Moseley Architects developed a survey that was shared with more than 1,000 professionals who dedicate their careers to public education in Maryland, Virginia, North Carolina, and South Carolina. These individuals included school board members, superintendents, educators, administrators, curriculum specialists, maintenance directors, finance directors, project managers, chief financial officers, chief operation officers, grounds officials, and dozens of other professionals who are responsible for safely educating students.
Our survey focused on three important inquiries:
1. Rank your top concerns.
2. List other concerns you have.
3. Offer suggestions for addressing these issues.
Concerns: Quantitative Results
As illustrated in Figure 1, which summarizes weighted averages of respondents top eight concerns, respondents are very focused on effective distancing in the classroom as well as moving throughout the building.
Respondents were equally concerned with how to screen or isolate individuals to limit the spread of COVID-19, particularly since symptoms can go undetected.
Given the collaborative nature of a 21st century public education, students and educators often share spaces and resources. Exposure to shared surfaces (i.e., desks, shelves, tablets, sinks, counters, etc.) and objects rounded out the top five critical issues school systems are considering as they plan to re-open schools.
Respondents also viewed applying distancing guidelines to dining operations as a critical issue.
Not surprisingly, respondents worry that both students and teachers may be too afraid to return to class.
Concerns: Qualitative Results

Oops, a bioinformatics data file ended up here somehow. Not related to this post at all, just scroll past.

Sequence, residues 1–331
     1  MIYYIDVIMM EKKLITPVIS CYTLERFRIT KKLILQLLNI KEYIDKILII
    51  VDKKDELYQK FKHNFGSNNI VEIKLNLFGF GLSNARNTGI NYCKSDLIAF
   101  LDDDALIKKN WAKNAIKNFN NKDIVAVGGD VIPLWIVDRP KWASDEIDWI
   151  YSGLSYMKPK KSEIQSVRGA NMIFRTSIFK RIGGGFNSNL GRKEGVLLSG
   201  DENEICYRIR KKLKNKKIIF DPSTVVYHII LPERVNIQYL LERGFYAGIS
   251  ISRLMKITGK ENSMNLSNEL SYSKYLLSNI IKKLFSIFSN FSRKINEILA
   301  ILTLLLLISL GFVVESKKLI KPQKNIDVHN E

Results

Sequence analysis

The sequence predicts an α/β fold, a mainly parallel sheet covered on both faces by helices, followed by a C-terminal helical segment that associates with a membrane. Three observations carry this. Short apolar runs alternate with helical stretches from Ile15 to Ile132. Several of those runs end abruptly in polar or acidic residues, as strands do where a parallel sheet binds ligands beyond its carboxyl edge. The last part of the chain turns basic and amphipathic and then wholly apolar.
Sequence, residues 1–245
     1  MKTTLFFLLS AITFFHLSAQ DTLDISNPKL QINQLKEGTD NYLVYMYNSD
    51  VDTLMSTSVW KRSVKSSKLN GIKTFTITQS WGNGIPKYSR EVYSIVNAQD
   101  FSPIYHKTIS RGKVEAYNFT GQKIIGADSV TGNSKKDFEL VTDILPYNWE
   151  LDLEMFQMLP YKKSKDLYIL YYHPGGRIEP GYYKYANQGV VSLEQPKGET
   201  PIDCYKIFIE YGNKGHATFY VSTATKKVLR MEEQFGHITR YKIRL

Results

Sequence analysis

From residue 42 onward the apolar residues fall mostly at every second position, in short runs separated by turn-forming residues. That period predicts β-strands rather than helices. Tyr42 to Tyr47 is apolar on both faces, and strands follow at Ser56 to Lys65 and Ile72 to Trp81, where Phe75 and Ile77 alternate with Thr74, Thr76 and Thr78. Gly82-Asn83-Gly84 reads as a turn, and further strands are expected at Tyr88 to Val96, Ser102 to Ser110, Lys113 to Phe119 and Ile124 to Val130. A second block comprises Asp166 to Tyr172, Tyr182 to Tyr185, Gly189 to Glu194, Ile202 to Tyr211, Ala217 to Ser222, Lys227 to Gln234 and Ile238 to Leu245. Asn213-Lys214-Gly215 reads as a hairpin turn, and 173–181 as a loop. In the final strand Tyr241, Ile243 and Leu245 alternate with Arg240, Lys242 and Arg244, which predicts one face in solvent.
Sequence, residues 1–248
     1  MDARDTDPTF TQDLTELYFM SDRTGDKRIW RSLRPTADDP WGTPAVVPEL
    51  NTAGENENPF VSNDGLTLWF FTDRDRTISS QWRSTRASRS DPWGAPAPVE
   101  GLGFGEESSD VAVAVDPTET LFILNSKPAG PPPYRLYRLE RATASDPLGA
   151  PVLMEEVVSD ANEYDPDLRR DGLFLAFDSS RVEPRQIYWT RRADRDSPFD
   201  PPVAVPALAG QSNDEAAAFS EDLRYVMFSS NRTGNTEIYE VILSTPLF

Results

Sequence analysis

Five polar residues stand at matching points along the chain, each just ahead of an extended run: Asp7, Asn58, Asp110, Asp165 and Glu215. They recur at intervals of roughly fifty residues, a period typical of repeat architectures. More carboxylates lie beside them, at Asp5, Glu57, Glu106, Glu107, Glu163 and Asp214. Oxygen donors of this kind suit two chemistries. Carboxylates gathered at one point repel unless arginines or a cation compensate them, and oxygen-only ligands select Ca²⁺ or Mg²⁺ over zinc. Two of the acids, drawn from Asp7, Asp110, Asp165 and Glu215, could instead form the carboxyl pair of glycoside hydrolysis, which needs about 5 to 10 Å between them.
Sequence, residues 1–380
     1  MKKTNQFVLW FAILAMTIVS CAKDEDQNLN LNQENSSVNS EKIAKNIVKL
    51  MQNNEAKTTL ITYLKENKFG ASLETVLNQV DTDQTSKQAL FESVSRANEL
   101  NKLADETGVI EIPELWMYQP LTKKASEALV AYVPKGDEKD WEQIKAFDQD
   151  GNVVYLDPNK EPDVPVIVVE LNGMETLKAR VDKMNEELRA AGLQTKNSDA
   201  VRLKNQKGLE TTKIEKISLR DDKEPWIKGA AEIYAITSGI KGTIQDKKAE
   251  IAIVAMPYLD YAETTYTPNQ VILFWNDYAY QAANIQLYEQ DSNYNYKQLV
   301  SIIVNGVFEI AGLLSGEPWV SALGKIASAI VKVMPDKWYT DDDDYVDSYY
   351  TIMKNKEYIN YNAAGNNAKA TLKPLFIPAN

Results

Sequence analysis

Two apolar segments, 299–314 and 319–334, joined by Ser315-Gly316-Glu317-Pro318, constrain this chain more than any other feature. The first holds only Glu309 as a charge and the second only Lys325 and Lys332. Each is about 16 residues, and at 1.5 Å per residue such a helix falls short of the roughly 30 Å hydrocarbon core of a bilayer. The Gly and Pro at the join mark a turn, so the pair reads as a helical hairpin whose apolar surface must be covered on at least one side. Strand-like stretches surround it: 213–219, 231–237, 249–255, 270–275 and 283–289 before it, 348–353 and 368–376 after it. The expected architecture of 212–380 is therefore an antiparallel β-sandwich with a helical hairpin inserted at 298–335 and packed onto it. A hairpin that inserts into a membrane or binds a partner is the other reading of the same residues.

The survey concluded with a free-form field in which respondents could list additional concerns they have. The most common concern respondents have is cleaning school facilities. Some respondents emphasized the importance of cleaning practices being shared with teachers, parents, and the community as a way of quelling fears of returning to the classroom.
The top three concerns encompassed sanitation; resources for prevention, such as masks and health screenings; and safety on buses. Respondents were particularly concerned that additional vehicles and drivers may be required to enable social distancing en route to school.
Additional concerns focused on mental health, inability to continue extracurricular activities (i.e., sports, musical events, field trips, etc.), and avoiding the dreaded academic slide, particularly with students who do not have access to online resources.
Our final inquiry focused on strategies that might be considered as districts decide when and how to re-open schools.
Staggering schedules or opening in phases was the most common plan suggested.
Respondents also proposed social distancing in the classroom may be achieved by reducing the number of students in a classroom and limiting interpersonal contact.
Additionally, scheduling frequent and thorough cleaning of common surfaces at school facilities was suggested as a mitigation strategy.
Other suggested strategies included requiring masks, and designating hand washing schedules.
While the scientific data surrounding COVID-19 continues to evolve, distancing, masks, ample hand washing, reducing occupancy in enclosed spaces remain the prevailing wisdom. Focused on these ideas, our educational designers began brainstorming on space planning diagrams that tackled social distancing in the classroom. Our goal was to:
1. Keep students and teachers six feet apart.
2. Offer school systems reasonable direction for meeting roughly 50 percent capacity.
3. Simplify the challenges of bus transportation, bathroom use, and dining.